The next day I reluctantly went to my office to continue preparations for my grand opening but I was sure to leave long before sun-down, not wanting to experience a repeat of the prior night. About two days later, a lady with her young son stopped by my office, looking for the photo and copy shop that had occupied the office for five years before I moved in. My office was not officially open yet and I was still painting the walls, which had been covered with chemical splash from the photo shop. Standing in my office in paint-covered sweat pants and a torn Billy Joel concert t-shirt from 1987, I listened as the lady told me about the ghost who supposedly “lives” in the building. “His name is John,” she said.
According to local legend, John was a Revolutionary War soldier who met his demise in front of 125 Main Street. Apparently several locals have seen him on different occasions, including the owner of the photo shop and the previous landlord. “By all accounts, he wore a long black coat,” she continued. “A long black coat?,” I nervously interrupted. “I think I’ve already met John,” I said to the young mother, relieved that I had not been hallucinating two nights before. The lady lingered a bit longer, taking pleasure, I think, in scaring me a little. I may not have been officially open, but I had certainly been initiated.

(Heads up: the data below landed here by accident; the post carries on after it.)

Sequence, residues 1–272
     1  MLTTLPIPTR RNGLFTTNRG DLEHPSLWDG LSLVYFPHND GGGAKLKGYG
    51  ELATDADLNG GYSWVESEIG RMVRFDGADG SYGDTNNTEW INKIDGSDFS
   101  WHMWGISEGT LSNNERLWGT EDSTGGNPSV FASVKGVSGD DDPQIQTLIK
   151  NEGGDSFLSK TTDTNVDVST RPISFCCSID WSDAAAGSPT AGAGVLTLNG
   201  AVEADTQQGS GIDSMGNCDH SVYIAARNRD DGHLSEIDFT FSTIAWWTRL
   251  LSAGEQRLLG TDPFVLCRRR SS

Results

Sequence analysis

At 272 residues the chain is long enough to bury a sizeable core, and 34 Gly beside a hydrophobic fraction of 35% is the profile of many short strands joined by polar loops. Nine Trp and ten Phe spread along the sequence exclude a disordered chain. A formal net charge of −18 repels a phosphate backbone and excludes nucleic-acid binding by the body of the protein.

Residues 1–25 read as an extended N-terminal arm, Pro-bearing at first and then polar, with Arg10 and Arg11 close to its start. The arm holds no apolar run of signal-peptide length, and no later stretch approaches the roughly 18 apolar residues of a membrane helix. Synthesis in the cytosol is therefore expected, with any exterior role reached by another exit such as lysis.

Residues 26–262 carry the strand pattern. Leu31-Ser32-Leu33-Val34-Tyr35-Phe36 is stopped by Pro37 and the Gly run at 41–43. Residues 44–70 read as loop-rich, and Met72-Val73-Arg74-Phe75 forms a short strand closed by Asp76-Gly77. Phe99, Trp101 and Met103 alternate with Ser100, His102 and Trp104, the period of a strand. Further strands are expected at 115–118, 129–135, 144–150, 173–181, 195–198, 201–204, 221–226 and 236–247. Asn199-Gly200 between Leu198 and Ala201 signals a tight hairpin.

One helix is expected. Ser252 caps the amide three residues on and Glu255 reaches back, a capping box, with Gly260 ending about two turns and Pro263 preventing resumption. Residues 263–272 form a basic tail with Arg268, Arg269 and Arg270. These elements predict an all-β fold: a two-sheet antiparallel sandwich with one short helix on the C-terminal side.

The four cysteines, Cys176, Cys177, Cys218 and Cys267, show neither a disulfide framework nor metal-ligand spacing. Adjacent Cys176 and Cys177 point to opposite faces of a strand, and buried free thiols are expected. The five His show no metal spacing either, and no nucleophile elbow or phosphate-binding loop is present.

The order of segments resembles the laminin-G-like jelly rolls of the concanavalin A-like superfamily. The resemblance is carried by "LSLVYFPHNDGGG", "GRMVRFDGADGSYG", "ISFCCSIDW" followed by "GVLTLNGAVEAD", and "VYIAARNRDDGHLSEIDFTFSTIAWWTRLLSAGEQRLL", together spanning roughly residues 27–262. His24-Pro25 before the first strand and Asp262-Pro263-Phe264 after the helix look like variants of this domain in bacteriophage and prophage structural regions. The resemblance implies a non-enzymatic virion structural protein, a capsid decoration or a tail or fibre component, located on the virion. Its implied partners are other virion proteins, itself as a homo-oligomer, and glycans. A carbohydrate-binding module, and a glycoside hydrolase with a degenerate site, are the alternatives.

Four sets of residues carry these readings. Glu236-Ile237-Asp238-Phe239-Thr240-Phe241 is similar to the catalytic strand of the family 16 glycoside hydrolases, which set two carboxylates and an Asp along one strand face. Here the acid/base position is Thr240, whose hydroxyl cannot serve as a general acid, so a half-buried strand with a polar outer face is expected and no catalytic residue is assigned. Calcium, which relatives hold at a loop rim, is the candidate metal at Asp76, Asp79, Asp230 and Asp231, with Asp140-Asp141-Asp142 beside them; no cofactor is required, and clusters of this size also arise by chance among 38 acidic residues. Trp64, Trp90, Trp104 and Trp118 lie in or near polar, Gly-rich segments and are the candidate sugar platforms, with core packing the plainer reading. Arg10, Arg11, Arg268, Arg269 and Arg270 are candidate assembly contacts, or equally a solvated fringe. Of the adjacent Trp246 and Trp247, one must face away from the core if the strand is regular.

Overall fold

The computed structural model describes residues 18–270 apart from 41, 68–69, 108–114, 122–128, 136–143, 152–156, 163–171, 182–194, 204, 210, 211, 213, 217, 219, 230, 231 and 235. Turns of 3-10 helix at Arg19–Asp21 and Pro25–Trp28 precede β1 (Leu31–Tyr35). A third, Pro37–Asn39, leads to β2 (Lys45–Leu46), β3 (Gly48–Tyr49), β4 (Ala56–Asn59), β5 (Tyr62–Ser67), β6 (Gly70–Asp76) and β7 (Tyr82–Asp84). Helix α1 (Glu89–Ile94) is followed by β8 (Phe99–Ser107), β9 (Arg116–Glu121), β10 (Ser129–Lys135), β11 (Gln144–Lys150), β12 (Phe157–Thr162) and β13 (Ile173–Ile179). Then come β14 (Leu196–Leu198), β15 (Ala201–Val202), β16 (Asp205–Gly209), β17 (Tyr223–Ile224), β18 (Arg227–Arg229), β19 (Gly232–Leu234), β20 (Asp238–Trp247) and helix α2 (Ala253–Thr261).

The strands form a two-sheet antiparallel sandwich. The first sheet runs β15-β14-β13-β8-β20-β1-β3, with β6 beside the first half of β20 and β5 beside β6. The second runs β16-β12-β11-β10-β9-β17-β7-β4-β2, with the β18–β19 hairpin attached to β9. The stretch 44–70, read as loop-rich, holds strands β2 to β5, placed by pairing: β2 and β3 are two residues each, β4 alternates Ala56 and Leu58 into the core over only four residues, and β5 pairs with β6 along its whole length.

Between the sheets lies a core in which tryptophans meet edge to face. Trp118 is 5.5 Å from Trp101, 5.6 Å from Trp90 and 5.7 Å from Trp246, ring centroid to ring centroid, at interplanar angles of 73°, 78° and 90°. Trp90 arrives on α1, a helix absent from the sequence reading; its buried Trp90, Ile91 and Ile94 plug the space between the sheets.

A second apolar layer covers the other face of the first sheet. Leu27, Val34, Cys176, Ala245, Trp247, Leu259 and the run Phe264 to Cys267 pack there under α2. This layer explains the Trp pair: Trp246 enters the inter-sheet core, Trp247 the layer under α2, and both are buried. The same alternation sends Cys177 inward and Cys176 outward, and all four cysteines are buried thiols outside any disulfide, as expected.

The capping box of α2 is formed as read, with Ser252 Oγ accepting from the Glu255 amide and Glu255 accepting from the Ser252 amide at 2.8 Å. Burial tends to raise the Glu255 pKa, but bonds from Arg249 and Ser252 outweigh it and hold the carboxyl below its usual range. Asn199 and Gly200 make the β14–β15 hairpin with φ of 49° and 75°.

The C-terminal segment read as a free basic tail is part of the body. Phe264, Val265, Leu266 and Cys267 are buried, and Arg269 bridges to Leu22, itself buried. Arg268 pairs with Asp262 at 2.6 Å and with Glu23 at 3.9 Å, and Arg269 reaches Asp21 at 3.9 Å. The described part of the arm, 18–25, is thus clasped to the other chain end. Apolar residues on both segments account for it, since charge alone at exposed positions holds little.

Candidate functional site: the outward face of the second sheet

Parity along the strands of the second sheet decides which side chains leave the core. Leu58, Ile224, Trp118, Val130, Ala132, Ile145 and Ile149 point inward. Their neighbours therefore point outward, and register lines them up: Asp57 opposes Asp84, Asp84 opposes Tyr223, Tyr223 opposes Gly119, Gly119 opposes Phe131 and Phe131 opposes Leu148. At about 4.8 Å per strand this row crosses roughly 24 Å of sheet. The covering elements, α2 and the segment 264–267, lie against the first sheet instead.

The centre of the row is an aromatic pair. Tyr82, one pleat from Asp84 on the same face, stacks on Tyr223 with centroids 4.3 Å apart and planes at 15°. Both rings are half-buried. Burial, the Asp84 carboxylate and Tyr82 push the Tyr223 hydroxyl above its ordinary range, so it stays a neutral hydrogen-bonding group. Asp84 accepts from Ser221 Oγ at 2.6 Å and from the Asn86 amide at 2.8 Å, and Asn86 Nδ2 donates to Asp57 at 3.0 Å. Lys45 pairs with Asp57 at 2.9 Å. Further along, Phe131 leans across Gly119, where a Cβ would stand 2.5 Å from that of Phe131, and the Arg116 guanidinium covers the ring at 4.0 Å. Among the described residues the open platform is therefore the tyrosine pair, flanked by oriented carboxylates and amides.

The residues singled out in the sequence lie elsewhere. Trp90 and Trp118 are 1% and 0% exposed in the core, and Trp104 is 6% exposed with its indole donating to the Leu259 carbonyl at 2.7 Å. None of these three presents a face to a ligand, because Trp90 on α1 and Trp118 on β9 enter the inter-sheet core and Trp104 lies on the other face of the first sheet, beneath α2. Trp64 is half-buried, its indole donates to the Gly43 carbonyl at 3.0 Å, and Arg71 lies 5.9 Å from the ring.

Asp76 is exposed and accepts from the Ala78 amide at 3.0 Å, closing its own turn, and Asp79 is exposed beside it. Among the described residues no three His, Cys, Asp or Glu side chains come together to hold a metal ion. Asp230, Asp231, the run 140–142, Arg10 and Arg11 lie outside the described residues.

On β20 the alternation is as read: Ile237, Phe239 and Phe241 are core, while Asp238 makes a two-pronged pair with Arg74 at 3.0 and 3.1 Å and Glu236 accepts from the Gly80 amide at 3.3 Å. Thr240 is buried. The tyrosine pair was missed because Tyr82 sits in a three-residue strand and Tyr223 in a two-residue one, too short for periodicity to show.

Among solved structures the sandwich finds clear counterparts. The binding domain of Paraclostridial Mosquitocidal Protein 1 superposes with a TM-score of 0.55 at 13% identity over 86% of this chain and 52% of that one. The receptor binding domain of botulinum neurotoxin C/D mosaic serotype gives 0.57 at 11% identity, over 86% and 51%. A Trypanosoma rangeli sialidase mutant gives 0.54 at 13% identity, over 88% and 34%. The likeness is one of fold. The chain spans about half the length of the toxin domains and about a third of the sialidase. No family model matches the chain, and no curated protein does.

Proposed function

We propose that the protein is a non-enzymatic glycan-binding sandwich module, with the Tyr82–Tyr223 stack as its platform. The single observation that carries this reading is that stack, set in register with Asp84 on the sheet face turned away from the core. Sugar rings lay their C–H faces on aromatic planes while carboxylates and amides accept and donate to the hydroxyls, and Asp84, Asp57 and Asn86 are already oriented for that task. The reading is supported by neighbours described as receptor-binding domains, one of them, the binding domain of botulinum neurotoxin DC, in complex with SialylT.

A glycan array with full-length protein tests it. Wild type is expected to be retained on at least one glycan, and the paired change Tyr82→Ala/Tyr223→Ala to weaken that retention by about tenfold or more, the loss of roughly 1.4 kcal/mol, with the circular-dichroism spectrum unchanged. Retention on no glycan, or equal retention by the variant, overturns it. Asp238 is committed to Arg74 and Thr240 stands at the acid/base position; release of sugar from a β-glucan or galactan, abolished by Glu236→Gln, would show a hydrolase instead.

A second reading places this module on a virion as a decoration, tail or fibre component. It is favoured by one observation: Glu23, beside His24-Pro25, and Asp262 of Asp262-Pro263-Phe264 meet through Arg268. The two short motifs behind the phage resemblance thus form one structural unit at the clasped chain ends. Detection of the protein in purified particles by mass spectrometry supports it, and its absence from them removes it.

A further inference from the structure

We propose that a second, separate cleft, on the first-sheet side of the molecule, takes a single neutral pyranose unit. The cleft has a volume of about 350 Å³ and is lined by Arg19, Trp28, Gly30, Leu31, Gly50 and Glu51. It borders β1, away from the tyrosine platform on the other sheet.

I never saw John again but I sometimes felt his presence in the office. While it made my hair stand up, I learned to calm myself down by talking to him, as if I were talking to a beloved pet. I never expected to receive an answer – at least not one in spoken English – but I did come to expect an answer of a sort. A light flickering, a sudden patch of cold air, a screwdriver gone missing.